International Animal Rescue gives help with dogs and cats in Spain
In May a small team of volunteers from the UK visited Tossa de Mar, in northern Spain and worked at a dog and cat shelter.
The shelter currently houses about 100 dogs - although on previous visits the figure has been closer to 20. It also provides for more than 100 cats - many are feral and one of the pens has a group of cats with FIV (feline immunodeficiency virus.)
The animals living at the shelter are well-fed and watered but do have problems with tick infestation and fleas. This is a serious concern as they can die from tick fever. The team of Leslie, Neil and Sara spent two and a half days worming, de-ticking and de-fleaing the dogs and cats -treating all of the dogs apart from a couple. They treated 50 of the cats and would have done more but sadly they couldn't because of the high number of feral cats.
The goat that also lives at the shelter benefited from the trip as well. Between three of them they managed to trim his feet which were very overgrown - they were really happy to achieve this.
Isobel who runs the shelter collects food for the animals from hotels, restaurants and cafes around town. Like most sanctuaries in the UK the shelter at Tossa de Mar is totally dependent on donations from the public and the local community. It appears animal welfare in Spain is not as well supported as it is in the UK, judging by the large numbers of strays and unneutered dogs and cats.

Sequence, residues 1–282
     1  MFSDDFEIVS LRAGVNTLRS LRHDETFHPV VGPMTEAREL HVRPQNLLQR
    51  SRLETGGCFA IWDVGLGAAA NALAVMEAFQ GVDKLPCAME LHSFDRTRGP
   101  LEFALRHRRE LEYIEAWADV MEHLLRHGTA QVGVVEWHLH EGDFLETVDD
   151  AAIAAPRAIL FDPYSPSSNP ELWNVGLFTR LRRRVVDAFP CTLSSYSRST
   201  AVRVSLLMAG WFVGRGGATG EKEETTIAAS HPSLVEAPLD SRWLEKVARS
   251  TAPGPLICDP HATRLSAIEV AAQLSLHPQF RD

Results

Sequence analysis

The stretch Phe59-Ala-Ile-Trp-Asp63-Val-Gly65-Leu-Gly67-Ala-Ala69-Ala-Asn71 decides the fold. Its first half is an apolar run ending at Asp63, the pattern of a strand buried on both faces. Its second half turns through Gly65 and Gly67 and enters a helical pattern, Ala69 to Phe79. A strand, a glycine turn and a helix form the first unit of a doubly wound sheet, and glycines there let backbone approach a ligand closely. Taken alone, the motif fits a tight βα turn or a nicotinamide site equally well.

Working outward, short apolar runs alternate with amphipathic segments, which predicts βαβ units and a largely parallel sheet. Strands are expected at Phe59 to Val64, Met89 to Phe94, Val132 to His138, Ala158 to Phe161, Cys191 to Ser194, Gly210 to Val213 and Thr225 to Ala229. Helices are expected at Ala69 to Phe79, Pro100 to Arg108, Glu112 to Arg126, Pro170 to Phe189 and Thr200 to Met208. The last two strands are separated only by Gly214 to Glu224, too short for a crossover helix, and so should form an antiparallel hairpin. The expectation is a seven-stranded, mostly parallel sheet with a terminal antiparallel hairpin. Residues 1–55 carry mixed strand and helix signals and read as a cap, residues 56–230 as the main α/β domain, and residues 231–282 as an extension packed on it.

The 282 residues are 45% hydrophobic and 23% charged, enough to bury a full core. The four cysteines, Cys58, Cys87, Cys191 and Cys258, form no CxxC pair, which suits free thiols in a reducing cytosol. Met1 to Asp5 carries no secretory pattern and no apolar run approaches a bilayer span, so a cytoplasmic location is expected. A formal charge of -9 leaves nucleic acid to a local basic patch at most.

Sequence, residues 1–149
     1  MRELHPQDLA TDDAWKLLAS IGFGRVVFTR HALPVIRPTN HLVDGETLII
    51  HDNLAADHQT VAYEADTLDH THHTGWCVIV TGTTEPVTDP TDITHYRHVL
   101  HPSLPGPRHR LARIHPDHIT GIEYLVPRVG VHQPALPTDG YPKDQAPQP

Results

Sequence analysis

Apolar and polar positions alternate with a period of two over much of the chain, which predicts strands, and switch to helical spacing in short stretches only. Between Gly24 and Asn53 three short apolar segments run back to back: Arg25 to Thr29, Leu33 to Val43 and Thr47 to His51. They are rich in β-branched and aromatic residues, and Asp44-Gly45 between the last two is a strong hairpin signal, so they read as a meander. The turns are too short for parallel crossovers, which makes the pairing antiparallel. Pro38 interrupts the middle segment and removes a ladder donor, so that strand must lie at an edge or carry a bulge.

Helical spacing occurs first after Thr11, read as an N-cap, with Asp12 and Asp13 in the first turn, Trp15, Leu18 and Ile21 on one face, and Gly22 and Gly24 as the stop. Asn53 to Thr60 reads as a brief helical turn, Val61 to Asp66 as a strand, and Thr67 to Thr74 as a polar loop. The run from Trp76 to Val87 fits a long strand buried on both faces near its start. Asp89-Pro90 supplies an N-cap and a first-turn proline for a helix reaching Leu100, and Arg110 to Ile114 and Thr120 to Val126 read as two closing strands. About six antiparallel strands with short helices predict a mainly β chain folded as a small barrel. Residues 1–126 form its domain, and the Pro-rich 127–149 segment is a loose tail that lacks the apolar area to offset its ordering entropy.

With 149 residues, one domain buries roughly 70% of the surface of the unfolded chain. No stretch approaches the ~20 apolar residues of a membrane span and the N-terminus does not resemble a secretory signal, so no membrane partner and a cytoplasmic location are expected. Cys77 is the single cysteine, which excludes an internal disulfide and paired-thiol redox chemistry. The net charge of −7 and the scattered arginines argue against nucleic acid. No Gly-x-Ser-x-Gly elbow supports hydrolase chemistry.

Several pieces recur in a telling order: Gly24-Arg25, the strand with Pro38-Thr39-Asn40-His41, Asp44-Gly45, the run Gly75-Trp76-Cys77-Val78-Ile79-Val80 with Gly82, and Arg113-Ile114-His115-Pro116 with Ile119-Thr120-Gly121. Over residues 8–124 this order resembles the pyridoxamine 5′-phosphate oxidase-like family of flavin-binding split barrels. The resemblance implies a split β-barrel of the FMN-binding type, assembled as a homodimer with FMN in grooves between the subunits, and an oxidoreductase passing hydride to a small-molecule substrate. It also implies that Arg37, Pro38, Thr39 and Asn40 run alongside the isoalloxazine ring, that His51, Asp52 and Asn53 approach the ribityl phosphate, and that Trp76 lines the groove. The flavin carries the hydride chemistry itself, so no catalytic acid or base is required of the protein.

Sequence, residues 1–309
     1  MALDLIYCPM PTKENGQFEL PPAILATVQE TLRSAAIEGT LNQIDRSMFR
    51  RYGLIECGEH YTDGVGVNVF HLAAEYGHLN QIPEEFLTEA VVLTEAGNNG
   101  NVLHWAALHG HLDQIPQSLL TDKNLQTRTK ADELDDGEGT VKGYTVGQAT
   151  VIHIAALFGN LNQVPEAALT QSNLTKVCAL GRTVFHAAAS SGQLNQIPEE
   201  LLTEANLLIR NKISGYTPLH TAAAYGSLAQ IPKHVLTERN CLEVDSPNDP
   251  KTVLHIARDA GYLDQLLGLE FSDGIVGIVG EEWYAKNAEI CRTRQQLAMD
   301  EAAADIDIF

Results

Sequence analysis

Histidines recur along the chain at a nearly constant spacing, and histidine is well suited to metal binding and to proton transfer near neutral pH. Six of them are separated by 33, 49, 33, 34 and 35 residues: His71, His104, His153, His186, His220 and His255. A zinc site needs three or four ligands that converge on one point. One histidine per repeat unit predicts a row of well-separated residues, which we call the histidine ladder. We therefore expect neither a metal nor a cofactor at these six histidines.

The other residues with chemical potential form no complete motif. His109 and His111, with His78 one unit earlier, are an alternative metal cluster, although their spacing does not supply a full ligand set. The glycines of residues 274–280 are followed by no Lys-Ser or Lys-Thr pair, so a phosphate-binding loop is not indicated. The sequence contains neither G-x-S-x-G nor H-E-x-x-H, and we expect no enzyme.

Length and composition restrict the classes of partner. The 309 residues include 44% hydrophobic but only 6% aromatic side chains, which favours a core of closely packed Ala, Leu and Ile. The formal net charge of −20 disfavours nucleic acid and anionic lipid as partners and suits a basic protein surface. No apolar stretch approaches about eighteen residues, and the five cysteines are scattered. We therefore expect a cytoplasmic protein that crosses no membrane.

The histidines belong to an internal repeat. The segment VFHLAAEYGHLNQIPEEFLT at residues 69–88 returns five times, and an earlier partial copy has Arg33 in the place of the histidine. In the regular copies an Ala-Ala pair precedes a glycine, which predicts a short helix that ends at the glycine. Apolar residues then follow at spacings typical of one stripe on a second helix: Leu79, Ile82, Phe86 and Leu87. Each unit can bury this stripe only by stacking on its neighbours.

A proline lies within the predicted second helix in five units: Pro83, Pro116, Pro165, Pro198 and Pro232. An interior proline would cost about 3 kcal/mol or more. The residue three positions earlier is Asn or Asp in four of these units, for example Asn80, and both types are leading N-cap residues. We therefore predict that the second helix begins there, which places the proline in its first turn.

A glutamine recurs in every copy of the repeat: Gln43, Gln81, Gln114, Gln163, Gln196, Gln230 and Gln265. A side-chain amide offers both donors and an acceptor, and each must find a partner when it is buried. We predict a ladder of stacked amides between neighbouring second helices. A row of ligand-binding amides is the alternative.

The volunteers kindly paid for their own flights and accomodation and International Animal Rescue sponsored them for all the flea treatments and wormers.They were absolutely delighted with this, saying it wouldn't have been possible without IAR's support.
The dogs at the shelter are in small groups in various pens – a few are on their own. Sadly, the dogs aren't walked at the shelter so they only have their pens to pace around in. It is so important for animals to be physically comfortable when they lead such basic lives. Anyone who owns a dog will know how important regular exercise is for their physical and mental well-being.
The government run 'pound' is located next to the shelter: Isobel takes in dogs from the pound whenever she has room as they are destroyed after ten days unless they are claimed or rehomed. Some of the dogs are rehomed in Germany and the volunteer group have found homes for quite a few in the UK but it is sad for them to see the same hopeful faces that they saw during their first visit four years ago.
The team intends to return in July or August at the height of the tick season so the dogs and cats are better protected.